Nunatsiaq Online
NEWS: Climate Change August 26, 2010 - 3:29 pm

Fossils from Ellesmere Island reveal a much-warmer past

"The clues they reveal about Nunavut’s ancient past are irreplaceable"

JANE GEORGE
 Here's a look at the warmer, wetter world of Ellesmere Island, 53 million years ago, as a hippo-like mammal, called a Coryphodon, enjoys mild temperatures, year-round. (COURTESY OF THE AMERICAN MUSEUM OF NATURAL HISTORY)
Here's a look at the warmer, wetter world of Ellesmere Island, 53 million years ago, as a hippo-like mammal, called a Coryphodon, enjoys mild temperatures, year-round. (COURTESY OF THE AMERICAN MUSEUM OF NATURAL HISTORY)
Ellesmere Island today: its Strathcona fossil forest, with its 50-million-year-old tree trunks, is typical of the High Arctic sites scientists study to better understand what a warmer climate means for that polar region.(PHOTO COURTESY OF JAELYN EBERLE)
Ellesmere Island today: its Strathcona fossil forest, with its 50-million-year-old tree trunks, is typical of the High Arctic sites scientists study to better understand what a warmer climate means for that polar region.(PHOTO COURTESY OF JAELYN EBERLE)
An analysis of the teeth of the hippo-like mammal Coryphodon from Ellesmere Island and other critters shows they lived in much warmer environment 53 million years ago. (PHOTO COURTESY OF JAELYN EBERLE)
An analysis of the teeth of the hippo-like mammal Coryphodon from Ellesmere Island and other critters shows they lived in much warmer environment 53 million years ago. (PHOTO COURTESY OF JAELYN EBERLE)

Studies of ancient teeth, fish bones and turtle shell fragments are opening a new window into the much warmer past of the High Arctic region.

This was a time— about 53 million years ago— when giant turtles, large snakes, alligators, flying lemurs, tapirs, and hippo- and rhino-like mammals roamed in places now favoured by muskox and hares.

During that long-ago era great swampy forests also covered the High Arctic from northern Baffin Island across to Banks Island in the western Arctic.

Fossil remains from that lush, warmer period, which can still be found across the High Arctic islands, also include the stumps of trees, some as large as washing machines.

From her study of these fossils, Jaelyn Eberle from the Univ. of Colorado has determined that some 53 million years ago temperatures on Ellesmere Island averaged from 19 to 20 C during the warmer months and from 0 to 3.5 C during the colder period of the year.

This means the winter temperatures probably never fell below freezing and the summers were pleasant, Eberle told Nunatsiaq News.

That’s unlike today, when the average annual temperature for Ellesmere hovers around -19 C.

To gauge the ancient temperature range, Eberle used new techniques which can analyze the traces of oxygen from the water that the creatures drank and swam in.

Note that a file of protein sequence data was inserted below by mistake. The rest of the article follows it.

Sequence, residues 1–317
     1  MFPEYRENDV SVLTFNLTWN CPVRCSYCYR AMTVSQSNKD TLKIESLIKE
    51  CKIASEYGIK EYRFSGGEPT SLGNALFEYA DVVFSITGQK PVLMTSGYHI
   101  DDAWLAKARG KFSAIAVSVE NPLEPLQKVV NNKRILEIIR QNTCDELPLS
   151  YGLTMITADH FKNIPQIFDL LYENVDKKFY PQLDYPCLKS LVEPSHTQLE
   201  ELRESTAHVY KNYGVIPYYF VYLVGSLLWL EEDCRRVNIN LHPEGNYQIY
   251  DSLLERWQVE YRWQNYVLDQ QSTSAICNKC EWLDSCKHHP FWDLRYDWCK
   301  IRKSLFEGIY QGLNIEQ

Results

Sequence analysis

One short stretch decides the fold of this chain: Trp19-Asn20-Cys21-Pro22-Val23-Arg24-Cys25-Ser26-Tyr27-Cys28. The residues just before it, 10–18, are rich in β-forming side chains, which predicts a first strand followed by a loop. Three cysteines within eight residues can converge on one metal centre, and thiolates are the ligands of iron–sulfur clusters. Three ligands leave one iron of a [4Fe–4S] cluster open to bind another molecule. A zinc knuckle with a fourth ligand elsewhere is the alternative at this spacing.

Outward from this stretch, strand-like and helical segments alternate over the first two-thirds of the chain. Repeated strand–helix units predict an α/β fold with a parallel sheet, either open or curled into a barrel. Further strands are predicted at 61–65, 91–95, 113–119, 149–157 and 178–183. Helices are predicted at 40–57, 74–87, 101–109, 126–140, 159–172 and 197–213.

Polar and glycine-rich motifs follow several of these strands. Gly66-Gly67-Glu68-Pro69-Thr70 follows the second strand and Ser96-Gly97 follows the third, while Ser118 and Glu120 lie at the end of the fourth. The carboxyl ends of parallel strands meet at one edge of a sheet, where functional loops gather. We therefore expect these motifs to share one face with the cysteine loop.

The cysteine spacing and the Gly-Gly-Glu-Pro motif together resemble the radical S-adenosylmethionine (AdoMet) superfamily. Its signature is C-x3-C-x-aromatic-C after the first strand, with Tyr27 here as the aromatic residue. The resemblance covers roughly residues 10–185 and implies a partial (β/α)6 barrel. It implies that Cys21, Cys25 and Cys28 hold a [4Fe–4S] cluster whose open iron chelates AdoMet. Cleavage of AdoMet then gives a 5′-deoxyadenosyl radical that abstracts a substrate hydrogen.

And to provide a good comparison for this study, Eberle included fossils from hippo-like mammals, fish and turtles.

The results, discussed in her recent paper in the Earth and Planetary Science journal, also raised questions about how these warm and cold-blooded critters managed to adapt to slightly colder conditions.

For example, Eberle and her team found alligators which lived in prehistoric Ellesmere could withstand slightly cooler winters than ones you find today— although observations from zoos do show alligators can survive short periods of below-freezing temperatures by submerging themselves in water, she said.

And the presence of large land turtles is also puzzling, Eberle added, since today’s large turtles live places like the Galapagos Islands where the winters average about 10 C..

Arctic fossils for this study were recovered from near Bay Fiord on central Ellesmere Island.

But many of the fossils Eberle has used before come from Strathcona Fiord on Ellesmere Island, which was recently in the spotlight due to a coal mine planned for the area by British Columbia-based Weststar Resources Corp..

The company told scientists like Eberle that it would preserve any important site, but earlier this year the Nunavut Impact Review Board rejected its initial mining proposal as being too risky for both wildlife and fossil deposits.

Eberle’s submission to NIRB, quoted in the agency’s report to the department of Indian and Northern Affairs, said Ellesmere’s fossils “are a part of Nunavut’s heritage and a legacy for generations of Nunavut children. These fossils, and the clues they reveal about Nunavut’s ancient past, are irreplaceable.”

NIRB’s decision means the project’s fate now lies with the federal government, an uncertainty that Eberle said troubles her.

with files from Postmedia

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